When it comes to the French, everyone’s got an opinion. Rude, sexy, arrogant, romantic, everyone seems to think they know what French people are like. One stereotype that continually persists, is whether the French like speaking English or not.
Many say they hate having to speak in English and I have mixed feelings as to whether I think this is true.
When I used to live in France, I remember going out with my French friend Pauline and her Finnish friend Netta. Pauline and Netta had been au pair’s together in England and Netta had decided to come and visit her. We were in Dunkerque, a small town in Northern France, and decided to head out to a local cafe for some drinks. Continue reading
For an Australian moving to France, the transition can be pretty seamless (besides the language of course). The French and Aussies measure in the same way for example (metric system all the way for both countries), we write out dates with the date first and then the month and I have no living memory of having ever used Fahrenheit (seriously my American friends, it’s time to let it go!).
But the one thing that can throw me, is when people ask me about ‘next year.’ Continue reading
A lot of people will tell you that one of the advantages of learning French for an English speaker is that we have a lot of similar words. It’s true that a lot of English words have French origin like fiancé and words we can’t be bothered finding a translation for (e.g. crepe, baguette, beret)
The problem is we often completely fuck up or change the original pronunciation.
So when I was in the Alsace region and was explaining in to my friend Pierre all the French words in English, I mentioned lingerie. If I try to explain how I said it phonetically I suppose it was something like ‘lawn: jerr: ray’ and he had no idea what I was talking about. Continue reading
I recently wrote about the things I don’t miss about France, but it also got me thinking that there are things that I definitely do miss about the place! Such as…
I don’t understand why French people have such a bad reputation for being rude. I’ve always found them just like everyone else in the world, some are friendly and others… well you’ll probably never get along with! I think the French, especially those who don’t live in big cities, are very welcoming to people who make a tiny effort to speak French.
They don’t appear annoyed if you can’t understand them or are struggling with French and will gladly bail you out when they see you’re struggling. Over my time in France I met some very important people who will be friends for life. From my host mum, my French colleagues and French friends who always helped me with my French and got me through the hard times. It’s a shame we’re now very far away from each other!
Being a native English-speaker is both a blessing and a curse. It’s a blessing when you want to work overseas for a while (teaching English anyone?), it’s a blessing when you go to foreign countries and the default language is English if you can’t speak Greek for example. The curse part of it comes when you want to learn a foreign language and every time you open your mouth in that foreign language – the foreigner speaks back to you in English.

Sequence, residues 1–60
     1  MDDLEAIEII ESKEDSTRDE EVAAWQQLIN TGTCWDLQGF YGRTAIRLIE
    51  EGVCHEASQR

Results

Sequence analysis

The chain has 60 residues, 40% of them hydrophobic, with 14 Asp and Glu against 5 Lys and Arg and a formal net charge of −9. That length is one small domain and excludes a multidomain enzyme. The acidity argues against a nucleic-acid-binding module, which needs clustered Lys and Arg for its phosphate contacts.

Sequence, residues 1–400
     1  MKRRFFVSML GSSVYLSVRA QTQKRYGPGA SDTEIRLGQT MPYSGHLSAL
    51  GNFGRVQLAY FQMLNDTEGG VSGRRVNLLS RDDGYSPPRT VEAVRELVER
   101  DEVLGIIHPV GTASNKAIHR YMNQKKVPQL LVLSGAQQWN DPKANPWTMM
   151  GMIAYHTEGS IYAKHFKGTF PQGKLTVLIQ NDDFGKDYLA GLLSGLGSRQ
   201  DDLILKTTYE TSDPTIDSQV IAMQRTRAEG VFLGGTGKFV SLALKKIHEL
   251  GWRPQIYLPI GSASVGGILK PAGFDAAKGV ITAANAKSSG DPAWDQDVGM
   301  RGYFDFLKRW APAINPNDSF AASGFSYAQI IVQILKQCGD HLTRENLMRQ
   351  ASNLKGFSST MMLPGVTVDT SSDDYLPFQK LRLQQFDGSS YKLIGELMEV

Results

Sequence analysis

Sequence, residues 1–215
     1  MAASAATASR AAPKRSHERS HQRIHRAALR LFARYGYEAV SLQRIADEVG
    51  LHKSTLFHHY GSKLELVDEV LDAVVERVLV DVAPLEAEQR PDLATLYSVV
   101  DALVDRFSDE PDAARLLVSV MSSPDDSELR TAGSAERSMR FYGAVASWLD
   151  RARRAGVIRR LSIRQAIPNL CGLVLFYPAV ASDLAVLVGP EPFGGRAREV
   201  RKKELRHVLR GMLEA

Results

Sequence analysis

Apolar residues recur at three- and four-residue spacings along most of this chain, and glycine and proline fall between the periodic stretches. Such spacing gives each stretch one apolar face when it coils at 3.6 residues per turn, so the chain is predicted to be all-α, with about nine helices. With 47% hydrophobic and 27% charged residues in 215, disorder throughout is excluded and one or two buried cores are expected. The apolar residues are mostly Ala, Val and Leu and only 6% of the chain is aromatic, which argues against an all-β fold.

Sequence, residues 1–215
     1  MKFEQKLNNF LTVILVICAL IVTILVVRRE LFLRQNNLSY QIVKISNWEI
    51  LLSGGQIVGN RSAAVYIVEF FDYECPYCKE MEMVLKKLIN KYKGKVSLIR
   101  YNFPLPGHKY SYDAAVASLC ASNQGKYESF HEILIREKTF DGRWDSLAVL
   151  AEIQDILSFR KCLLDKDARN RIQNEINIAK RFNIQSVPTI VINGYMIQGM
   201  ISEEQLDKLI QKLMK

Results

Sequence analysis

This is a constant source of frustration for a lot of English speakers and it doesn’t matter where they go – France, Spain, Germany people will automatically speak back to you in English because they want to practice their English.
I am a self-confessed French nerd. ‘Francophile’ as my French nerd friends and I like to call each other (a mix of the French word for ‘French native speaker’ and ‘pedophile’ :)) but there are some things I can’t say I miss about living there. There are plenty of things I do miss – mainly the amazing friendships I made but I if I went back to live there I know I would dread…
- French Administration
They have a reputation for it, and they deserve it. The French bureaucracy is a nightmare, I did manage to find some coping strategies to deal with the shitload of paper that came my way. Then there were the constant mistakes by the people working for social security and health benefits. Sending a letter telling you they needed something from you, then it was just ‘a mistake’, forgetting to mention an important piece of paper to begin with etc etc
When I got back to Australia I had to order a new license, I went onto VicRoad’s website and quickly found the correct link. I filled in a quick online form, paid the $20 fee online and voila! Done. My license should arrive within 10 working days (which it did). I remember smiling at that moment thinking ‘can’t say I miss French administration!’
My friend Jennie at ielanguages shared a fascinating article about the lack of “vous” on the internet and the increased appearance of “tu”, even when two people who don’t know each other are communicating.
My own experience with being ‘tued’ and ‘voued’ on social media came from one of my students who added me on Facebook. She sent me a few emails from time to time and she always addressed me with ‘vous’, although I knew I would always address her with ‘tu’ since I was her teacher and she was my student.
However the very day that I stopped being her teacher, she sent me an email and addressed me with ‘tu’. Now as an English speaker, I really didn’t give a shit whether she used tu or vous with me, but it was interesting to see once this idea of a social barrier in her head came down she felt free to talk to me like the young adult I am. Even though we had been more friends than student and teacher for a while, it wasn’t until I had that title of ‘teacher’ taken off that she felt she had the right to use ‘tu’.